Your blood glucose level: an essential indicator of health, and how you can influence it

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What you will learn

  • Your body’s way of using and regulating blood glucose concentrations. And how the insulin and glucagon hormones are responsible for the fluctuation between glucose entering and leaving the bloodstream.
  • How excess blood glucose can disturb that balanced interaction between insulin and glucagon and how this is connected to insulin resistance and weight gain.

How you can influence your blood glucose levels by changing some of the ordinary things you do every day.

Do you consider yourself healthy but are often tired, moody, or unable to concentrate?[1][2] Do you get intense cravings and then grab a cereal bar, instantly feeling a lot better right after? This might be a sign of a mild blood glucose imbalance. While these symptoms might seem trivial, a disrupted blood glucose level for an extended time can have serious health consequences.[3][4]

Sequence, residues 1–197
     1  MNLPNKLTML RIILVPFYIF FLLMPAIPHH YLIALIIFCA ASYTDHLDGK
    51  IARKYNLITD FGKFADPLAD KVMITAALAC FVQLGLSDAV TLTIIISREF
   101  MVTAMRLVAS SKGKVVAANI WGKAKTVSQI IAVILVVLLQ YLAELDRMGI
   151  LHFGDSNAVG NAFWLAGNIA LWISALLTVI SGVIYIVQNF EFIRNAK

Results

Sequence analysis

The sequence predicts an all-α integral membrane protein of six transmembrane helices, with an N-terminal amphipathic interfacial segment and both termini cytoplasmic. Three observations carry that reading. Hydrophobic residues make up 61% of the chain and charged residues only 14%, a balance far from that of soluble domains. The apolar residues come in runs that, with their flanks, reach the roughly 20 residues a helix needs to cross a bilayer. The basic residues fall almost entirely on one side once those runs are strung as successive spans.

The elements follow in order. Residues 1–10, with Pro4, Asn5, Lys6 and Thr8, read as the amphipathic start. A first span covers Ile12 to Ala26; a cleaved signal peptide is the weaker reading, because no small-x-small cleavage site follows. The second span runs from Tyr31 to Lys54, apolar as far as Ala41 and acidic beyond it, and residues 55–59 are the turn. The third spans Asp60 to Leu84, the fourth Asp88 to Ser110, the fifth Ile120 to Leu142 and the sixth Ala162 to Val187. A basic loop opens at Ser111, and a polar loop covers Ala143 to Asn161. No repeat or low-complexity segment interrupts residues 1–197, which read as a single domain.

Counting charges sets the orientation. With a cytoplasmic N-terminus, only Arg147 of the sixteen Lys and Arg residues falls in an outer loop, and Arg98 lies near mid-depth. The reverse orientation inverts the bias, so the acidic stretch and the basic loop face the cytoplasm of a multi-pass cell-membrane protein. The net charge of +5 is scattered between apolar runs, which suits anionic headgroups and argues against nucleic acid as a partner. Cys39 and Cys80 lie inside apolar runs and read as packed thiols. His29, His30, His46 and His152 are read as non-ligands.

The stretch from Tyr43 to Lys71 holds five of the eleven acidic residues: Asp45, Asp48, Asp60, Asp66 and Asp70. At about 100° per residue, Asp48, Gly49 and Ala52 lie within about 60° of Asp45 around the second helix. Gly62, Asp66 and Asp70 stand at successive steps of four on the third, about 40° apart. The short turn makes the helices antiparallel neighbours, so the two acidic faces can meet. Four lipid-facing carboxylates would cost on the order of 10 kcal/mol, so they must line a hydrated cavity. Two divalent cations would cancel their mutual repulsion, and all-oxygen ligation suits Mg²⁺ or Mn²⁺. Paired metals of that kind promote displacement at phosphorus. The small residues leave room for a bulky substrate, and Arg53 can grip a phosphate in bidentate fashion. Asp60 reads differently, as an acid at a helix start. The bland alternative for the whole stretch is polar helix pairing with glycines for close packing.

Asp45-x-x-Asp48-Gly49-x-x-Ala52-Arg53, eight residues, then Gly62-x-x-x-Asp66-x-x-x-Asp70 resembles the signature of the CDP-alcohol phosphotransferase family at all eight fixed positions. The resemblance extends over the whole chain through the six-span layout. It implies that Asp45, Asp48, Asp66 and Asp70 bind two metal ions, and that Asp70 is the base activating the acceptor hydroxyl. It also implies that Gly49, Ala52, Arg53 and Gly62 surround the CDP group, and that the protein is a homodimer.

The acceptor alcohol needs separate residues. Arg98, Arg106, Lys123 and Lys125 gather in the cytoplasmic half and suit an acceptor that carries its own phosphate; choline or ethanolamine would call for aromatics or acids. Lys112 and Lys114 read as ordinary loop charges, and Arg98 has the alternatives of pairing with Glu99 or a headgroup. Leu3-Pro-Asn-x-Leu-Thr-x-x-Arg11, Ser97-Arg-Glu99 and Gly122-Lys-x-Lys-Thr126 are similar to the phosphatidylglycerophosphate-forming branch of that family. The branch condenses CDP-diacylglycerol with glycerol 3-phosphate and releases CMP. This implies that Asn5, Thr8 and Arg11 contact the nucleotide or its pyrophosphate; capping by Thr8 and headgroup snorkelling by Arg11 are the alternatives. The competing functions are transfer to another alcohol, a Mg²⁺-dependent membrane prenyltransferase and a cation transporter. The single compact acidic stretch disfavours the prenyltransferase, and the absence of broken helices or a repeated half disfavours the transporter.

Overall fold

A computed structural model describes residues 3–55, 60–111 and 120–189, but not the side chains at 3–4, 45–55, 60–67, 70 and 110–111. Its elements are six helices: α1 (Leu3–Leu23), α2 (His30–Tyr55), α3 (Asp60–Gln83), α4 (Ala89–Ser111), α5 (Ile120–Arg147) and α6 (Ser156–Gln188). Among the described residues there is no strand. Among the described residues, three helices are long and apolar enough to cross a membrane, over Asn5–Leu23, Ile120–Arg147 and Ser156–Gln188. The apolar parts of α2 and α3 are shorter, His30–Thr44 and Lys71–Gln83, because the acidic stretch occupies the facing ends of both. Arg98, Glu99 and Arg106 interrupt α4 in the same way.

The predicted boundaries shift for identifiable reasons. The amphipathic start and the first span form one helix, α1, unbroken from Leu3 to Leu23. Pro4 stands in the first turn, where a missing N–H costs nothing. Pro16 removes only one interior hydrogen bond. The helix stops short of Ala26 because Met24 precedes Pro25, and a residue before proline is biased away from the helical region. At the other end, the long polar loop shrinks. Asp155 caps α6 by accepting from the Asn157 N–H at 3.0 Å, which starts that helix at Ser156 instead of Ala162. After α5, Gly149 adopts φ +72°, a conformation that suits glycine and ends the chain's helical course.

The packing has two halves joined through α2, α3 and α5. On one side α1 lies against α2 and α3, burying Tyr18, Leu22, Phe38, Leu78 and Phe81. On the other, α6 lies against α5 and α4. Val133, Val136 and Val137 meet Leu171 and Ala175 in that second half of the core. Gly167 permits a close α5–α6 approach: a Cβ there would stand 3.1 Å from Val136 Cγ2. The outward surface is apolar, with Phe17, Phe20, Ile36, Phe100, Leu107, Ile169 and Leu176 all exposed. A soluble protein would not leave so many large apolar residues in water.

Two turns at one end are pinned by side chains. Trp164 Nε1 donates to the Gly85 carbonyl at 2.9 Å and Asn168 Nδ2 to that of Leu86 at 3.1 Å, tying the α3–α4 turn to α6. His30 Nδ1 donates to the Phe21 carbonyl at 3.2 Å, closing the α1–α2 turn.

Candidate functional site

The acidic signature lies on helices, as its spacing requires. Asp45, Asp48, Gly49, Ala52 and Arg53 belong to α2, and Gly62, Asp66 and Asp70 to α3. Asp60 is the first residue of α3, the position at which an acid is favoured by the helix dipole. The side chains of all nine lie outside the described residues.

Blood glucose, also known as blood sugar, comes from the food you eat and is your body’s energy fuel. In a healthy individual, the amount of glucose present in the bloodstream ebbs and flows depending on what you eat. It enters the bloodstream and then leaves it to get into your cells and give them energy. This is the sign of a healthy metabolism, meaning the smooth functioning of all the chemical reactions that happen in your body to transform food into energy. However, problems arise when your cells aren’t absorbing the glucose, resulting in higher blood levels. This sets the stage for serious diseases such as diabetes, high blood pressure, heart disease, decreased kidney function or nerve damage [5][6][7].

Thankfully, your lifestyle plays a significant role in balancing blood glucose levels. This is what we’re going to cover in this post.

Your body’s way of using and regulating blood sugar concentrations